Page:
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Red Sea Crisis Disrupts India’s Trade: But Economy Shows Signs of Resilience

Red Sea Crisis Disrupts India's Trade: But Economy Shows Signs of Resilience

Red Sea Crisis Disrupts India’s Trade: But Economy Shows Signs of Resilience

The ongoing conflict in the Middle East, particularly around the Red Sea, is creating significant challenges for India’s trade sector. This article explores the impact of the crisis and the underlying health of the Indian economy.

Red Sea Woes: Higher Costs and Disruptions

  • 80% of India’s trade with Europe travels through the Red Sea, making it a vital trade route.
  • Products like crude oil, vehicles, chemicals, textiles, and steel are all affected by the disruptions.
  • Higher freight costs, insurance premiums, and longer transit times are pushing up import prices for consumers in India.
  • Fertilizer imports from the Middle East, particularly potash from Jordan and Israel, are also facing difficulties.

Longer Routes, Higher Costs

  • Due to the crisis, container ships are forced to take the longer route around the Cape of Good Hope in South Africa.
  • This has resulted in a significant drop in traffic through the Suez Canal.
  • Container tonnage crossing the canal has fallen by 82%, while traffic around the Cape of Good Hope has seen a 60% increase.
  • The extra distance translates to higher fuel costs and lost value for time-sensitive cargo.
  • Security concerns like piracy have also driven up insurance and legal costs.

Despite Challenges, Economy Shows Strength

  • The Finance Ministry acknowledges the challenges but highlights the stability of India’s external account.
  • The trade deficit is narrowing due to falling international commodity prices.
  • Strong services exports are contributing to a rise in net service receipts.
  • However, the current account deficit in the next fiscal year (FY25) will require monitoring.

Government Investment Boosts Capital Formation

  • The Finance Ministry emphasizes the importance of domestic savings to finance private sector investments.
  • Government capital expenditure has been the primary driver of investment in recent years.
  • This spending is expected to increase significantly in FY25, potentially crowding-in private investment.
  • Gross Fixed Capital Formation (GFCF), a measure of investment, has shown a 10.6% growth in the third quarter of FY24.
  • The share of GFCF in GDP has also risen, reflecting a broader-based pick-up in investment.

The Finance Ministry of India has taken note of this issue. They pointed out that the conflict in the Middle East and the Red Sea has affected India’s imports of fertilizers from that region. Specifically, imports of a particular type of fertilizer called Muriate of Potash from Jordan and Israel have been hit.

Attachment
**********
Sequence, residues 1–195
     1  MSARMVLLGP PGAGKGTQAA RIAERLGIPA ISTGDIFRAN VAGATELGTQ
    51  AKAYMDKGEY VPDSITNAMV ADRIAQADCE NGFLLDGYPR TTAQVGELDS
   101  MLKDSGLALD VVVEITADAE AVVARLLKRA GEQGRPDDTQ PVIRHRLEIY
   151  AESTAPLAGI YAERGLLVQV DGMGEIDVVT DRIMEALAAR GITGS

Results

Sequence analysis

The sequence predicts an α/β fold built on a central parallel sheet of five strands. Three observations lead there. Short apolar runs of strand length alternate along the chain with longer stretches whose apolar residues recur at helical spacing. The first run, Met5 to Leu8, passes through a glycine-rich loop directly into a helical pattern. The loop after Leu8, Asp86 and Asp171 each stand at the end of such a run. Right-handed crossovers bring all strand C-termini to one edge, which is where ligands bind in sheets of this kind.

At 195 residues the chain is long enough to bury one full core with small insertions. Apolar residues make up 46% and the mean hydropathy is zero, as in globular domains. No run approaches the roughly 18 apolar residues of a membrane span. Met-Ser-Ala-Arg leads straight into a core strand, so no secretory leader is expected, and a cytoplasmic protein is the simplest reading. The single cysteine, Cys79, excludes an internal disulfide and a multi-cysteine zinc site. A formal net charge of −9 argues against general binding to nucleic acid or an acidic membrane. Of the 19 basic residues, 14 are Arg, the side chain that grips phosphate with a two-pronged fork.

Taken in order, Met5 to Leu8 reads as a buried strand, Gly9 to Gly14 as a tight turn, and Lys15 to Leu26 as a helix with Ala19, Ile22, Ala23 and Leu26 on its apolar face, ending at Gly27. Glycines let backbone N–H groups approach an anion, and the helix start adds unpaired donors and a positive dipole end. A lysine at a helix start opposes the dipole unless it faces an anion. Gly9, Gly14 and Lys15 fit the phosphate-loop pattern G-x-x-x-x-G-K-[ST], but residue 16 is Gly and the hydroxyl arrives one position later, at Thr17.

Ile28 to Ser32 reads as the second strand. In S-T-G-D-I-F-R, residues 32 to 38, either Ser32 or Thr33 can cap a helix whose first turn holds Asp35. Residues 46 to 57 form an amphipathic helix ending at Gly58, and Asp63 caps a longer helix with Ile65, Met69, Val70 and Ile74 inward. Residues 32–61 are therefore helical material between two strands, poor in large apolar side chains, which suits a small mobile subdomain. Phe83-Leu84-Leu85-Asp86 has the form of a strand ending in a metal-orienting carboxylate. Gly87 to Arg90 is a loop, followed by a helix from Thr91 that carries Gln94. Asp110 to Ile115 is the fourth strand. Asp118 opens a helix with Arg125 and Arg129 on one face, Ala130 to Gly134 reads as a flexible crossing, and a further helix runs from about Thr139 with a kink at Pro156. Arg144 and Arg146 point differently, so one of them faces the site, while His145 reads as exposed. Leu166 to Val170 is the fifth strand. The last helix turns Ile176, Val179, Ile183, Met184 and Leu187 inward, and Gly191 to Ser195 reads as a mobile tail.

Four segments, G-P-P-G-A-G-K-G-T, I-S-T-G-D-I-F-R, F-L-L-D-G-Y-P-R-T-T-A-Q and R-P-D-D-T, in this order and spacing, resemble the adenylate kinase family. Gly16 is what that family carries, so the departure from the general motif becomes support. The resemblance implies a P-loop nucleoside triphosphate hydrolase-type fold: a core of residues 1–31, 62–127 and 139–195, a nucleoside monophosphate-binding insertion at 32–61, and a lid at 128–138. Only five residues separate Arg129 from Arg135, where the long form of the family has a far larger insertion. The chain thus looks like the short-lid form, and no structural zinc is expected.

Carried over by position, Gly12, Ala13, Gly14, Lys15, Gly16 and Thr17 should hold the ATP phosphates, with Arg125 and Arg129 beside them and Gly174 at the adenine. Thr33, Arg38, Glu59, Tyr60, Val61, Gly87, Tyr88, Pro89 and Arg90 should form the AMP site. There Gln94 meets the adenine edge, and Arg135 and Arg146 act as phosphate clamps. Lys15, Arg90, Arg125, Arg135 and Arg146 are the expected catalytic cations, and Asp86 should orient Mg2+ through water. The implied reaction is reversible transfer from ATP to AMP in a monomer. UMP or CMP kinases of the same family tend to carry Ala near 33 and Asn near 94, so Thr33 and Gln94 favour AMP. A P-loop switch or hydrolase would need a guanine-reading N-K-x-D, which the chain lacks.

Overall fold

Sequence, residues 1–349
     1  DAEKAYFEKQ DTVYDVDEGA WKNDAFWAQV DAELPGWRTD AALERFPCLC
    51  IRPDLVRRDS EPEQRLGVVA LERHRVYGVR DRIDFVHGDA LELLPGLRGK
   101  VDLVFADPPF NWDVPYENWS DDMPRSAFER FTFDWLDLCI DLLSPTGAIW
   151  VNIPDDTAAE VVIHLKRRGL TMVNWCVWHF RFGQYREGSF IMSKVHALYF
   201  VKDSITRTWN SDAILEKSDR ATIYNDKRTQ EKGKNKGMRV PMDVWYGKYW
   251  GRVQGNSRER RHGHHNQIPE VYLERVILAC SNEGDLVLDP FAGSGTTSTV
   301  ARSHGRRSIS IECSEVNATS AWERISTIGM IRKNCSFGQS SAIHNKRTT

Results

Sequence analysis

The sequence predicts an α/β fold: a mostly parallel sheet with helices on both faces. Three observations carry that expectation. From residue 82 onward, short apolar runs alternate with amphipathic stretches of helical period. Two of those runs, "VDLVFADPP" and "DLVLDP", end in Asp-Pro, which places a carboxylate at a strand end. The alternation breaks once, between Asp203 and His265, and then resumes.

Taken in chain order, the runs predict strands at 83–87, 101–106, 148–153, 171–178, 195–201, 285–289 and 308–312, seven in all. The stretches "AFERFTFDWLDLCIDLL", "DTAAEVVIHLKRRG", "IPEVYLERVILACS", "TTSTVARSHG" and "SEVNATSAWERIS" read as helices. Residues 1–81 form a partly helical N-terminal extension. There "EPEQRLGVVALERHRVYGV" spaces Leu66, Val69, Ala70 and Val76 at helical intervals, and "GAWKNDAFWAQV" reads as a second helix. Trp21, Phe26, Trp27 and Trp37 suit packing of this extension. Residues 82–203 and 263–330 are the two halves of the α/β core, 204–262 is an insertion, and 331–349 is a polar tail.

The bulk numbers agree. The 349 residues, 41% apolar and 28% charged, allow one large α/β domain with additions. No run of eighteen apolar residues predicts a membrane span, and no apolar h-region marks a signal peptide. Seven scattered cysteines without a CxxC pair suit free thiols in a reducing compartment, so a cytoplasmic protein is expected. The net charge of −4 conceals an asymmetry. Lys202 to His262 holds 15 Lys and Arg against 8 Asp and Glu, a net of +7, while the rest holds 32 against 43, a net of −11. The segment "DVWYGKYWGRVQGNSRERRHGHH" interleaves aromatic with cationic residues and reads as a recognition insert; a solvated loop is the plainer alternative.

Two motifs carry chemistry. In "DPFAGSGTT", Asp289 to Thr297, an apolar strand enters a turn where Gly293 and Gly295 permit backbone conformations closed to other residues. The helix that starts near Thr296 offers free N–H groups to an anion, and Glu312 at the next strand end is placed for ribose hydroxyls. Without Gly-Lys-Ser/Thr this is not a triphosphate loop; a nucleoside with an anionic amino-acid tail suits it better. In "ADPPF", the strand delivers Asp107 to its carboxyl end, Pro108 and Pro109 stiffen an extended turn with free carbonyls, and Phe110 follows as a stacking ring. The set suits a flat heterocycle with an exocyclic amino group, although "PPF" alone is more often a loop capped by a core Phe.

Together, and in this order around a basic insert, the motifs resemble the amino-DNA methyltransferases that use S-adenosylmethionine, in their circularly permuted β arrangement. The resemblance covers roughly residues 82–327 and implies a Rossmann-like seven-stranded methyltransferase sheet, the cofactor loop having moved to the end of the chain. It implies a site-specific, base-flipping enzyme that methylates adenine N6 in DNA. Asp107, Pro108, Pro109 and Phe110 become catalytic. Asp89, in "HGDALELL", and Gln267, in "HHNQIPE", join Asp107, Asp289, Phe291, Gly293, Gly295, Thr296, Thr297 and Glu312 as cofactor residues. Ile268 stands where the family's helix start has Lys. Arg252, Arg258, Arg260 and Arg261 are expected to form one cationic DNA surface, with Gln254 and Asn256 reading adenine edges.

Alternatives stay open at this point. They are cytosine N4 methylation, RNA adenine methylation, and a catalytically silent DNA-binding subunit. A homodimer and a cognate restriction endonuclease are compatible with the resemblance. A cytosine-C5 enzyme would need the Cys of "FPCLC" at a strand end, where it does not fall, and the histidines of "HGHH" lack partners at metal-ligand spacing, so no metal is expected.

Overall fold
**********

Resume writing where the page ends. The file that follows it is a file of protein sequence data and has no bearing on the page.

The Ministry also warned that if the situation continues, it could lead to a rise in oil prices. And since India, along with other Asian countries like China, Japan, and South Korea, heavily relies on imported oil, this could spell trouble. Higher oil prices could push up inflation, making things costlier for everyone and potentially slowing down economic growth.

Because of the problems in the Red Sea, ships have had to find alternative routes. Many are now going the long way around the Cape of Good Hope in Africa. By early 2024, there was a drastic drop in the number of ships using the Suez Canal, while there was a significant increase in those taking the Cape route. This diversion means extra miles, extra fuel costs, and delays, which all add up to more expenses for businesses.

Apart from the financial toll, there are security concerns too. With piracy being a risk in some areas, ships need more insurance, and legal issues can arise, adding even more costs.

So, why is all this happening? Well, it started with conflict. Yemeni militants called Houthis began attacking ships in the Red Sea in support of Palestinians during the Israel-Hamas conflict. This created tension and disruptions in the Suez Canal, which is a major shipping route.

Despite these challenges, India’s Finance Ministry says the country’s financial situation is still stable. The gap between what India imports and what it exports is narrowing because of falling prices of goods globally. Plus, India’s service exports are doing well, bringing in more money from abroad.

Looking ahead, though, the Ministry is keeping an eye on things. They say there might be concerns about the balance of trade in the coming year, so they’re watching it closely.

To tackle these issues and keep the economy growing, the Ministry suggests that Indians need to save more money. This would provide funds for businesses to invest in new projects and help drive economic growth.

Speaking of investments, the government has been playing a big role in spending money on infrastructure and other projects. They plan to keep this up, believing it will encourage private companies to invest too.

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